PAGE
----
3. TLS Renegotiation . . . . . . . . . . . . . . . . . . . . . . 6 3. TLS Renegotiation . . . . . . . . . . . . . . . . . . . . . . 6
4. First-party Use Cases . . . . . . . . . . . . . . . . . . . . 6 4. First-Party Use Cases . . . . . . . . . . . . . . . . . . . . 6
5. Federation Use Cases . . . . . . . . . . . . . . . . . . . . 6 5. Federation Use Cases . . . . . . . . . . . . . . . . . . . . 6
5.1. Introduction . . . . . . . . . . . . . . . . . . . . . . 6 5.1. Introduction . . . . . . . . . . . . . . . . . . . . . . 6
5.2. Overview . . . . . . . . . . . . . . . . . . . . . . . . 7 5.2. Overview . . . . . . . . . . . . . . . . . . . . . . . . 7
5.3. HTTP Redirects . . . . . . . . . . . . . . . . . . . . . 8 5.3. HTTP Redirects . . . . . . . . . . . . . . . . . . . . . 8
5.4. Negotiated Key Parameters . . . . . . . . . . . . . . . . 10 5.4. Negotiated Key Parameters . . . . . . . . . . . . . . . . 10
5.5. Federation Example . . . . . . . . . . . . . . . . . . . 11 5.5. Federation Example . . . . . . . . . . . . . . . . . . . 11
6. Implementation Considerations . . . . . . . . . . . . . . . . 13 6. Implementation Considerations . . . . . . . . . . . . . . . . 13
7. Security Considerations . . . . . . . . . . . . . . . . . . . 13 7. Security Considerations . . . . . . . . . . . . . . . . . . . 13
7.1. Security Token Replay . . . . . . . . . . . . . . . . . . 13 7.1. Security Token Replay . . . . . . . . . . . . . . . . . . 13
7.2. Triple Handshake Vulnerability in TLS 1.2 and Older TLS 7.2. Triple Handshake Vulnerability in TLS 1.2 and Older TLS
Versions . . . . . . . . . . . . . . . . . . . . . . . . 14 Versions . . . . . . . . . . . . . . . . . . . . . . . . 14
7.3. Sensitivity of the Sec-Token-Binding Header . . . . . . . 14 7.3. Sensitivity of the Sec-Token-Binding Header . . . . . . . 14
7.4. Securing Federated Sign-On Protocols . . . . . . . . . . 15 7.4. Securing Federated Sign-On Protocols . . . . . . . . . . 15
8. Privacy Considerations . . . . . . . . . . . . . . . . . . . 17 8. Privacy Considerations . . . . . . . . . . . . . . . . . . . 17
8.1. Scoping of Token Binding Key Pairs . . . . . . . . . . . 17 8.1. Scoping of Token Binding Key Pairs . . . . . . . . . . . 17
8.2. Life Time of Token Binding Key Pairs . . . . . . . . . . 18 8.2. Lifetime of Token Binding Key Pairs . . . . . . . . . . . 18
8.3. Correlation . . . . . . . . . . . . . . . . . . . . . . . 18 8.3. Correlation . . . . . . . . . . . . . . . . . . . . . . . 18
9. IANA Considerations . . . . . . . . . . . . . . . . . . . . . 19 9. IANA Considerations . . . . . . . . . . . . . . . . . . . . . 19
10. Acknowledgements . . . . . . . . . . . . . . . . . . . . . . 19 10. Acknowledgements . . . . . . . . . . . . . . . . . . . . . . 19
11. References . . . . . . . . . . . . . . . . . . . . . . . . . 19 11. References . . . . . . . . . . . . . . . . . . . . . . . . . 19
11.1. Normative References . . . . . . . . . . . . . . . . . . 19 11.1. Normative References . . . . . . . . . . . . . . . . . . 19
11.2. Informative References . . . . . . . . . . . . . . . . . 21 11.2. Informative References . . . . . . . . . . . . . . . . . 21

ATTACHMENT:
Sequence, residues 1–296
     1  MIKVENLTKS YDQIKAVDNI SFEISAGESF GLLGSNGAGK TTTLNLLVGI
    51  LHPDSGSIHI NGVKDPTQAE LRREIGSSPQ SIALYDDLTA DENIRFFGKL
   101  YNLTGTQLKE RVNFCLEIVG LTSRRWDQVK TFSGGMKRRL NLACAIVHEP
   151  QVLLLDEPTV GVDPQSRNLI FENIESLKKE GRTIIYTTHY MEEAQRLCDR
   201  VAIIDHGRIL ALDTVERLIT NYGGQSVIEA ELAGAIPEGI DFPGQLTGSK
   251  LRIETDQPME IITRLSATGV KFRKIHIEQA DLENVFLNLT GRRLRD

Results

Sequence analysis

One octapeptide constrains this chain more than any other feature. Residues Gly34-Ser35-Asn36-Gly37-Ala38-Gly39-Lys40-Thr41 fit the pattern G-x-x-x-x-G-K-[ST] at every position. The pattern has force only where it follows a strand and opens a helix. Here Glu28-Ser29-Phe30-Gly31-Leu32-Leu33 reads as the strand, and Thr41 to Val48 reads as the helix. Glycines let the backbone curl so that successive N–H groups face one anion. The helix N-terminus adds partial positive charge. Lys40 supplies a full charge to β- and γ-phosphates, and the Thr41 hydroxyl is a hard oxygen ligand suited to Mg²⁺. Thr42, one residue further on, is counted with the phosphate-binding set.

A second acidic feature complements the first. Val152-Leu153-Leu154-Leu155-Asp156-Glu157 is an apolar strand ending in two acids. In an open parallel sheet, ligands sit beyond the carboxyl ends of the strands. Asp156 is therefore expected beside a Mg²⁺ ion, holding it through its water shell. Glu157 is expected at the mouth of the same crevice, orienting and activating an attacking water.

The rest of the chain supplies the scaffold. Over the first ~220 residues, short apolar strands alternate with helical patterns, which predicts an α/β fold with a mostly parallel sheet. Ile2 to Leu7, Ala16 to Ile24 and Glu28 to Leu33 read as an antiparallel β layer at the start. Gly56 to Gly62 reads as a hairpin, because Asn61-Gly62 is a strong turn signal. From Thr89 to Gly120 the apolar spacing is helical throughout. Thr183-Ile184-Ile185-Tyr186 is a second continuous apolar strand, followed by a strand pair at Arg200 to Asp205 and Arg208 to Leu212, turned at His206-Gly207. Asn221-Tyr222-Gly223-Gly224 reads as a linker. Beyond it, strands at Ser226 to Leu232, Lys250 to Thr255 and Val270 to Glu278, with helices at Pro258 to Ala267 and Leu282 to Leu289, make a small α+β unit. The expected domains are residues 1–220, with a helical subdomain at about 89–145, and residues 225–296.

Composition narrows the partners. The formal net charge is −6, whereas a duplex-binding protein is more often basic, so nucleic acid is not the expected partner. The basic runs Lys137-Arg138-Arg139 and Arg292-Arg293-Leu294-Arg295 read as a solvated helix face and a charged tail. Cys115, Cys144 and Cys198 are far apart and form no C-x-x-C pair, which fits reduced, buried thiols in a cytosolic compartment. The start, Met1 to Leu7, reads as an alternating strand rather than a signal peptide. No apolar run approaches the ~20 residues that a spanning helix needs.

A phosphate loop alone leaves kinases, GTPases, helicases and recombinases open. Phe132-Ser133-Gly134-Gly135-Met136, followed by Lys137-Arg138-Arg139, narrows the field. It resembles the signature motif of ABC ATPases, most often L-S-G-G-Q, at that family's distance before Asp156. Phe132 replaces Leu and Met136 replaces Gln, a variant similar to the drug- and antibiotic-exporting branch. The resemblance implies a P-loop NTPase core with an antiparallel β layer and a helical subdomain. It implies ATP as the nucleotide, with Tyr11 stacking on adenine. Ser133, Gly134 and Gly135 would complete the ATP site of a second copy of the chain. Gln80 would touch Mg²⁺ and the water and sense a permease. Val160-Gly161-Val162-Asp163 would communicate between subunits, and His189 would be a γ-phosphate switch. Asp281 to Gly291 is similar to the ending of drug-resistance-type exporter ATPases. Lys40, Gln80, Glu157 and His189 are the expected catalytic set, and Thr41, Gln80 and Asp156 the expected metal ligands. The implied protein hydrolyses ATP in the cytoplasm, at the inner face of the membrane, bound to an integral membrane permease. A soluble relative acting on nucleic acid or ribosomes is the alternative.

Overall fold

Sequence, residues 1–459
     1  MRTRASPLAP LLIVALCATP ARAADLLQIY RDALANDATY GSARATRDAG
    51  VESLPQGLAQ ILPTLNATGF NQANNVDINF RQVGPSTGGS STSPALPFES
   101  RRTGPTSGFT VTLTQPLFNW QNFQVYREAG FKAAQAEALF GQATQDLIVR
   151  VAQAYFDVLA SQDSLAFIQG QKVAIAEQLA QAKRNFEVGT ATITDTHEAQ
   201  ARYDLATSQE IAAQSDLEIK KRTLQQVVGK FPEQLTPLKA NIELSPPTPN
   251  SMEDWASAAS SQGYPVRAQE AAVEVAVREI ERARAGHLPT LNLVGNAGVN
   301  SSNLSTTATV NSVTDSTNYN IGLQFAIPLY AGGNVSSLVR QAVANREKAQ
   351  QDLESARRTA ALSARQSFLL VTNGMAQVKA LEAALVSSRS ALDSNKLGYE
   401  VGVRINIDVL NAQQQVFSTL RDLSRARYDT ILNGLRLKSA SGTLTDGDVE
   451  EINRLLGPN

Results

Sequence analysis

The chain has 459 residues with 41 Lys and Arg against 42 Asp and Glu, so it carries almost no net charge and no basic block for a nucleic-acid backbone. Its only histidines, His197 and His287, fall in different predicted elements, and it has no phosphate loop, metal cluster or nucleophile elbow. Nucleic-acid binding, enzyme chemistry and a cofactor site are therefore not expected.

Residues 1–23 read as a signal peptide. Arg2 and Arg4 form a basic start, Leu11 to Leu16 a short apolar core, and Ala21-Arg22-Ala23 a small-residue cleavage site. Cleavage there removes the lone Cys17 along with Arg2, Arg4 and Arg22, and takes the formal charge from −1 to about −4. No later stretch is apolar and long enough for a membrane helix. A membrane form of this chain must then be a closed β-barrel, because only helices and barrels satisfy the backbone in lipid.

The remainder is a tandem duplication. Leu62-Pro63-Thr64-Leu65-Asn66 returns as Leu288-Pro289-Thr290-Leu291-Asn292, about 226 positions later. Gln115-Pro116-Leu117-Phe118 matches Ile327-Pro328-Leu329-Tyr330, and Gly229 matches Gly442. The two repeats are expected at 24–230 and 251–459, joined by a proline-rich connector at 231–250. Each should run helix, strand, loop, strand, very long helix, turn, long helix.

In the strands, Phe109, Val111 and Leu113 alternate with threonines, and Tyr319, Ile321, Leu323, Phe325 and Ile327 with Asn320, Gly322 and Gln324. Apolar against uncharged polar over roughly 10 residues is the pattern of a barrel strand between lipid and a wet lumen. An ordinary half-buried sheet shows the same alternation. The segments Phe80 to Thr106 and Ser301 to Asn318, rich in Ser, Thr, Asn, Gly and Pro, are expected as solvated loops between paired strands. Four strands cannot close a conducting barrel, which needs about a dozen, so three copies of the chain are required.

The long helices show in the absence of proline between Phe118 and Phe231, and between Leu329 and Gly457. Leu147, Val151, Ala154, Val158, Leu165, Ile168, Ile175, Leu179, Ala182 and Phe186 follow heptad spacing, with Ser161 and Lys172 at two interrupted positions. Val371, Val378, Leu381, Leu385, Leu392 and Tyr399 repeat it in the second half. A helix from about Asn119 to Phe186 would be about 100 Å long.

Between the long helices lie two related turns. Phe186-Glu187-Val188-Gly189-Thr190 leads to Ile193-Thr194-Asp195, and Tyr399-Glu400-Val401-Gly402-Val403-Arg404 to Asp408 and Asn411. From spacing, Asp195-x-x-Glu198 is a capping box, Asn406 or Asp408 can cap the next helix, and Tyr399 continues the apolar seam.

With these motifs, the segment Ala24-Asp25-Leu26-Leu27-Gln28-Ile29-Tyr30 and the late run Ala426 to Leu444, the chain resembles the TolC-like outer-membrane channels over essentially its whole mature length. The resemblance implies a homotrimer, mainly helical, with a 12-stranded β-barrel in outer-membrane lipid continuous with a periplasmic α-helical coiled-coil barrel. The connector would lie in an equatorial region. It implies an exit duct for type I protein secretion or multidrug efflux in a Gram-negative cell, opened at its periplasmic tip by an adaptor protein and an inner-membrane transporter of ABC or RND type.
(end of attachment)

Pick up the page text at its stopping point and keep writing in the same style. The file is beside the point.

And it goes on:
Authors' Addresses . . . . . . . . . . . . . . . . . . . . . . . 21 Authors' Addresses . . . . . . . . . . . . . . . . . . . . . . . 21
1. Introduction 1. Introduction
The Token Binding Protocol [I-D.ietf-tokbind-protocol] defines a The Token Binding Protocol [I-D.ietf-tokbind-protocol] defines a
Token Binding ID for a TLS connection between a client and a server. Token Binding ID for a TLS connection between a client and a server.
The Token Binding ID of a TLS connection is constructed using the The Token Binding ID of a TLS connection is constructed using the
public key of a private-public key pair. The client proves public key of a private-public key pair. The client proves
possession of the corresponding private key. This Token Binding key possession of the corresponding private key. This Token Binding key
pair is long-lived (i.e., subsequent TLS connections between the same pair is long-lived. I.e., subsequent TLS connections between the
client and server have the same Token Binding ID, unless specifically same client and server have the same Token Binding ID, unless
reset, e.g., by the user). When issuing a security token (e.g. an specifically reset, e.g., by the user. When issuing a security token
HTTP cookie or an OAuth token) to a client, the server can include (e.g., an HTTP cookie or an OAuth token [RFC6749]) to a client, the
the Token Binding ID in the token, thus cryptographically binding the server can include the Token Binding ID in the token, thus
token to TLS connections between that particular client and server, cryptographically binding the token to TLS connections between that
and inoculating the token against abuse (re-use, attempted particular client and server, and inoculating the token against abuse
impersonation, etc.) by attackers. (re-use, attempted impersonation, etc.) by attackers.
While the Token Binding Protocol [I-D.ietf-tokbind-protocol] defines While the Token Binding Protocol [I-D.ietf-tokbind-protocol] defines
a message format for establishing a Token Binding ID, it does not a message format for establishing a Token Binding ID, it does not